L-G vs Delhi Govt: Centre wants issue referred to Supreme Court`s larger Bench

  • | Thursday | 19th January, 2023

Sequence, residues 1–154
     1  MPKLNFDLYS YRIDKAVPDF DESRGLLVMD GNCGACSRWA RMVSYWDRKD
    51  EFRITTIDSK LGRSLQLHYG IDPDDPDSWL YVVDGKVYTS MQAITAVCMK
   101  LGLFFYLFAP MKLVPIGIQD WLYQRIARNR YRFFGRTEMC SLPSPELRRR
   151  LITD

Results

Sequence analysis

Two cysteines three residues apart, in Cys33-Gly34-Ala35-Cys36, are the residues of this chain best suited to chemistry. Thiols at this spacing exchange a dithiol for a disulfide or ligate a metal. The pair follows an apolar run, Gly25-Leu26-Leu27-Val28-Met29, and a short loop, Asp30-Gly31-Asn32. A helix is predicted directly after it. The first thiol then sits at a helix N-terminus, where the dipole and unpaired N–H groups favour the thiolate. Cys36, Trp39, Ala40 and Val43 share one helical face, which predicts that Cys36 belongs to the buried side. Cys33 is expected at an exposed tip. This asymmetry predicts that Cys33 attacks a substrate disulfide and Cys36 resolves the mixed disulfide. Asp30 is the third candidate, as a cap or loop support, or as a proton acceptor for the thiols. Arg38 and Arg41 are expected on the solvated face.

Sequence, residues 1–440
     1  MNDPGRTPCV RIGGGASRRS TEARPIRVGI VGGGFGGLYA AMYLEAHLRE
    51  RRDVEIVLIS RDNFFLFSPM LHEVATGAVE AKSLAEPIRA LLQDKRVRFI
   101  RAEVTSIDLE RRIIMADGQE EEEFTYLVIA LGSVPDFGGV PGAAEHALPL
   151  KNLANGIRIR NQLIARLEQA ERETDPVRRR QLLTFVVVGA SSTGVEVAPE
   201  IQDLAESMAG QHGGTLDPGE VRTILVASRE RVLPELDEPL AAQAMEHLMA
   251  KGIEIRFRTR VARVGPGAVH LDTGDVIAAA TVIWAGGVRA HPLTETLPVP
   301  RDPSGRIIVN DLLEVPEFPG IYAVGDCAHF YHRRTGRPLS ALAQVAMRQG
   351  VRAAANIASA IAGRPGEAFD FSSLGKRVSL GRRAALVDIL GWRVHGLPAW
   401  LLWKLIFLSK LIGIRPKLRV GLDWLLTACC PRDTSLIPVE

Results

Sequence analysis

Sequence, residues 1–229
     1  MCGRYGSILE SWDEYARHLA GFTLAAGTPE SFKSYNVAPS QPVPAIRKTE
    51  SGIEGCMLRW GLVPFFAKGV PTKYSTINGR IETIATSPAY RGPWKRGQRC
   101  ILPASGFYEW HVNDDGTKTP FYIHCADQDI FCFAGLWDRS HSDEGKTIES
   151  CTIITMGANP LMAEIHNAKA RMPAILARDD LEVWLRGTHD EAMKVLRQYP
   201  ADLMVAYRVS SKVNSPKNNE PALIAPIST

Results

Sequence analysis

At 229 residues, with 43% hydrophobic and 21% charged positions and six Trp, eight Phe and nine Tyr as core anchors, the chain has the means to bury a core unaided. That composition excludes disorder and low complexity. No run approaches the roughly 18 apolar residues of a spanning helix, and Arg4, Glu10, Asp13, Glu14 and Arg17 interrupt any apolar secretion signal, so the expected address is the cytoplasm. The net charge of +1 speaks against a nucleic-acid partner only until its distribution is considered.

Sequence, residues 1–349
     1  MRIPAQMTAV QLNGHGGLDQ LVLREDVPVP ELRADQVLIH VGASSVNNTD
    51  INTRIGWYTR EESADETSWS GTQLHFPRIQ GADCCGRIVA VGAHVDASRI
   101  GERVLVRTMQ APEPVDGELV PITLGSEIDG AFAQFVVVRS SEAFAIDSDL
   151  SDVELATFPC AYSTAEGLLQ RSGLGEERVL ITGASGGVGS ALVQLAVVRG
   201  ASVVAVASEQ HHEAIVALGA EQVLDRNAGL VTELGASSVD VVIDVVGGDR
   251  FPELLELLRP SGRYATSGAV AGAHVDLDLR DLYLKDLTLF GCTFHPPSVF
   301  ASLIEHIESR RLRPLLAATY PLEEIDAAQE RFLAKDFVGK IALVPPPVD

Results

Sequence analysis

New Delhi, January 18 The Delhi Government on Wednesday sought a clear demarcation of its powers with regard to control over bureaucracy in the national Capital even as the Centre urged the Supreme Court to refer the issue to a larger Bench. A five-Judge Constitution Bench led by Chief Justice of India DY Chandrachud – which reserved its verdict on the issue — expressed surprise at Solicitor General (SG) Tushar Mehtas request to refer the issue of tussle between the Lt-Governor and the elected government for control over services to a larger Bench. As the Bench assembled, Mehta said, I have already filed an application seeking reference. I have already argued the point. I am seeking permission to file a written note. The CJI told Mehta: But we did not hear any argument on reference It was never argued… Mr Solicitor, now you cant... Dr (AM) Singhvi (representing Delhi Government) is in his rejoinder (responding to Centres arguments). Reference has to be argued at the outset. The SG responded: The reference is on the ground that the contours of federalism between the Union and the Union Territory require a relook. I am not repeating anything. Its covered in my arguments. I just need to put a two-page note. The Centre has sought a larger Bench reference on the ground that the 2018 Constitution Bench verdict interpreting Article 239 AA of the Constitution and laying down powers of the Delhi Government was not in tune with an earlier nine-Judge Constitution Bench verdict in NDMC vs State of Punjab (1996) in which it was held that Delhi was on the same footing as a Union Territory. I hope the boundaries are clearly demarcated in black and white this time, Singhvi submitted. Describing Mehtas arguments as ambush argument to derail days of arguments, Singhvi said, It is unfortunate that the Centre is advancing reference to larger Bench argument, of which not a whisper was made during the long arguments…This will be hugely dilatory. But Mehta maintained it could be anything but dilatory. supreme court

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